RYUSUKE HAMAGUCHI: So, it wasn’t actually the case that there was a main score that I was making the film to the tune of. There was some demo music that she [Eiko] had sent me in advance music, what is considered as the main theme for Evil Does Not Exist was actually made after the film was shot and edited, and so there was no real music that the film was necessarily based off of. In that sense, it’s not so different from my usual filmmaking style. But what is quite different is that because we had worked on Drive My Car together, I knew what kind of music Eiko Ishibashi made,  and so I was thinking about how I could best create visuals that would fit very well with her music- so that was different.

JOURNAL: Your last film, Drive My Car, as well as Evil Does Not Exist, seem to draw heavily from Chekhov, and so I was wondering what it is about Chekhov’s plays that appeal to you as a filmmaker, and whether you share any of Chekhov’s philosophies of acting when you’re directing actors on set.

RYUSUKE HAMAGUCHI: Yes, with Drive My Car I certainly pulled from Uncle Vanya by Chekhov. There are people who have mentioned The Cherry Orchard by Chekhov as well as An Enemy of the People by Ibsen, when speaking about my film. But I can’t really say that these necessarily had a big influence on me or I was thinking about them even. I’m also not somebody who’s super knowledgeable about Chekhov per se, so I can’t really say that I’m super influenced by him. But as somebody who does write dialogue, I’m certainly very drawn to his dialogue writing and the dialogue that he has written. I’m a little bit embarrassed to quote my own movie, Drive My Car, when I say that there is something very special about his dialogue. When actors say his dialogue, there’s something very different about the quality that it draws out- the quality of emotion that it draws out of the actors. I certainly don’t know how Chekhov wanted these lines to necessarily be said, but when I asked my actors to say the dialogue, I wanted them to just honestly speak it, and it just naturally drew out a lot of emotions. As a writer of dialogue myself, I wish to be able to write dialogue that can have that effect on the public.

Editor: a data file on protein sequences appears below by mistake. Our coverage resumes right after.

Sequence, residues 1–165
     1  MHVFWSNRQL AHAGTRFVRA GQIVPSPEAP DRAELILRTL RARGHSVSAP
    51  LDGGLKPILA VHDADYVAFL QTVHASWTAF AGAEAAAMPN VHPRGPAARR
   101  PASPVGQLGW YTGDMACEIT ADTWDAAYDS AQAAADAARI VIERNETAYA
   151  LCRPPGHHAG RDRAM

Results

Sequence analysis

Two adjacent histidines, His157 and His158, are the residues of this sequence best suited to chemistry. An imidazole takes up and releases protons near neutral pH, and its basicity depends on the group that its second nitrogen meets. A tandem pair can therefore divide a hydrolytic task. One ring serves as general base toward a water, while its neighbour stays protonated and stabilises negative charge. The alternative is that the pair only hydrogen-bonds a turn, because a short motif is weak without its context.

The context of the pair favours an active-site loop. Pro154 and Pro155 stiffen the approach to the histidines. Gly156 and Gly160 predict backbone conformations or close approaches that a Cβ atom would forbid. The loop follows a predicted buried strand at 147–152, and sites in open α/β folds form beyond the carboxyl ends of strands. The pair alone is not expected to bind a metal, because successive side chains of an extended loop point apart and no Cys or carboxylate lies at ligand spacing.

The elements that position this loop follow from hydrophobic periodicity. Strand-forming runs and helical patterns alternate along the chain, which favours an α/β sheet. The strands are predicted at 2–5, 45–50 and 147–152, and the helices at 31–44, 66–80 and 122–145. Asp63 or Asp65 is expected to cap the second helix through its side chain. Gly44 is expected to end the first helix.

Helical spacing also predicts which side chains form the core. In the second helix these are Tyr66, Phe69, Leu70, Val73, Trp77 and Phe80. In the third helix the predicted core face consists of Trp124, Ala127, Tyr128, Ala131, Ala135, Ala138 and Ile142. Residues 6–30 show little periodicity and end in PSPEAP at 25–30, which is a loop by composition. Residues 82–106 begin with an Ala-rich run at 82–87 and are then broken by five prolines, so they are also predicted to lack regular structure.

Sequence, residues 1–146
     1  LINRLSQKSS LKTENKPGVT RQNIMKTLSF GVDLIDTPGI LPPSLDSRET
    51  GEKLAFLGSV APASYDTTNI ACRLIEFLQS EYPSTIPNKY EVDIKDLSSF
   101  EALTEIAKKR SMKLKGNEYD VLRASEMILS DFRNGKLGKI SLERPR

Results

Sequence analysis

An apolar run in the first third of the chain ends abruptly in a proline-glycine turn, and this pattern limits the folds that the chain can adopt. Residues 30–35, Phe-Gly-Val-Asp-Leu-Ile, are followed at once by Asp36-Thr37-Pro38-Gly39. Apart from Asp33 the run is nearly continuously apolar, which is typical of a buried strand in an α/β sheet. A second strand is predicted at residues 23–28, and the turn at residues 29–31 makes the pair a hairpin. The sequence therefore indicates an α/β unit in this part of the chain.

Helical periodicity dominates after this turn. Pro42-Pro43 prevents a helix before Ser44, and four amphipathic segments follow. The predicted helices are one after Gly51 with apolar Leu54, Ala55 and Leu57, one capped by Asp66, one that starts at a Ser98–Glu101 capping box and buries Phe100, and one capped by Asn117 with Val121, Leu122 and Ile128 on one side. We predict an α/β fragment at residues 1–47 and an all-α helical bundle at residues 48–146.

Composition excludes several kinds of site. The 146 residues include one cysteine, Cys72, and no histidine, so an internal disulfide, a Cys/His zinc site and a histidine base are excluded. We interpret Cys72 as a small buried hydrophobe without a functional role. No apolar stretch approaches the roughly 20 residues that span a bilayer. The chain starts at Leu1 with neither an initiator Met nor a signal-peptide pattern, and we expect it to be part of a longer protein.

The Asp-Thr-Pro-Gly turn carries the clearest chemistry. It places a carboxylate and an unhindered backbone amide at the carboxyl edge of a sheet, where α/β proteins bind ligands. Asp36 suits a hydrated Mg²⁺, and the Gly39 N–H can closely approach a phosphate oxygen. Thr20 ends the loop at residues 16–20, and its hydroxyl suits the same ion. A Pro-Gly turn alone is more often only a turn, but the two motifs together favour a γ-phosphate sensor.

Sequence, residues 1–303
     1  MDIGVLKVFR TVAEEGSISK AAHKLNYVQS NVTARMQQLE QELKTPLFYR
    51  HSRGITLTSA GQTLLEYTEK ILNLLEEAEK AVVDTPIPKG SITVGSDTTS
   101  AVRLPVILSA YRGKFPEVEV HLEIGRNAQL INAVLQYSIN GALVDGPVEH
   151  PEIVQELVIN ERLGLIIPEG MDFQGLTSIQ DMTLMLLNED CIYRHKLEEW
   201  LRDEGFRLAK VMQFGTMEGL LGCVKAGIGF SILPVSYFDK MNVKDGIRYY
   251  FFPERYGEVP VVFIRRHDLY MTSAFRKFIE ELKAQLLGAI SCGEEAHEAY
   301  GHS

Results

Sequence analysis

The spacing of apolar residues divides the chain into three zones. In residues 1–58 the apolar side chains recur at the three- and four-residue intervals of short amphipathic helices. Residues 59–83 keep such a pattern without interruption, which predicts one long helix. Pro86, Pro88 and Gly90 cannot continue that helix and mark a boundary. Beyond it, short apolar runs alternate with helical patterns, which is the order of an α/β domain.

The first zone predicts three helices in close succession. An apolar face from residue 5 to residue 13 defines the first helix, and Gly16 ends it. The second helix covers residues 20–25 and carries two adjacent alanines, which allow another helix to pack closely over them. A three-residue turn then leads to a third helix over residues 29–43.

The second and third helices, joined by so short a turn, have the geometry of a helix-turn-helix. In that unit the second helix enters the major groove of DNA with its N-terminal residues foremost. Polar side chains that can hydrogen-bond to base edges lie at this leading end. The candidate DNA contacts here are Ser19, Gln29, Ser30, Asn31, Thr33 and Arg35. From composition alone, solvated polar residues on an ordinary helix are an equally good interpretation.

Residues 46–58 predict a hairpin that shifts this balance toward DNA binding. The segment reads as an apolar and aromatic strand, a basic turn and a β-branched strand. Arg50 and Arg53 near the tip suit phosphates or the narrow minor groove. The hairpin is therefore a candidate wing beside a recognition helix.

JOURNAL: I’ve seen Evil Does Not Exist twice now, and seeing the film the second time around, I was struck by how the ending reframes the narrative arc of the film, where it almost seems like an inevitable personal response: inevitable personal violence to the violence of institutions. At what point in your creative process did you decide the film would end the way that it does?

RYUSUKE HAMAGUCHI: There’s a lot of research that went in before starting to write the script, and it was really only after a lot of the elements that I then went ahead and wrote the script. This ending really just came to me very naturally as I was writing. You mentioned the word “inevitable” a few times, and this inevitability is a certain feeling that I had whilst I was writing the ending. It’s also a word that appears within Eiko’s work as well. So, I think I wanted to be able to feel this sense of inevitability, and I think I’m interested in films that do that as well. I can name filmmakers such as Fritz Lang and Kiyoshi Kurosawa- those two filmmakers, I think, give me that pleasure and that feeling of inevitability through the work that they make.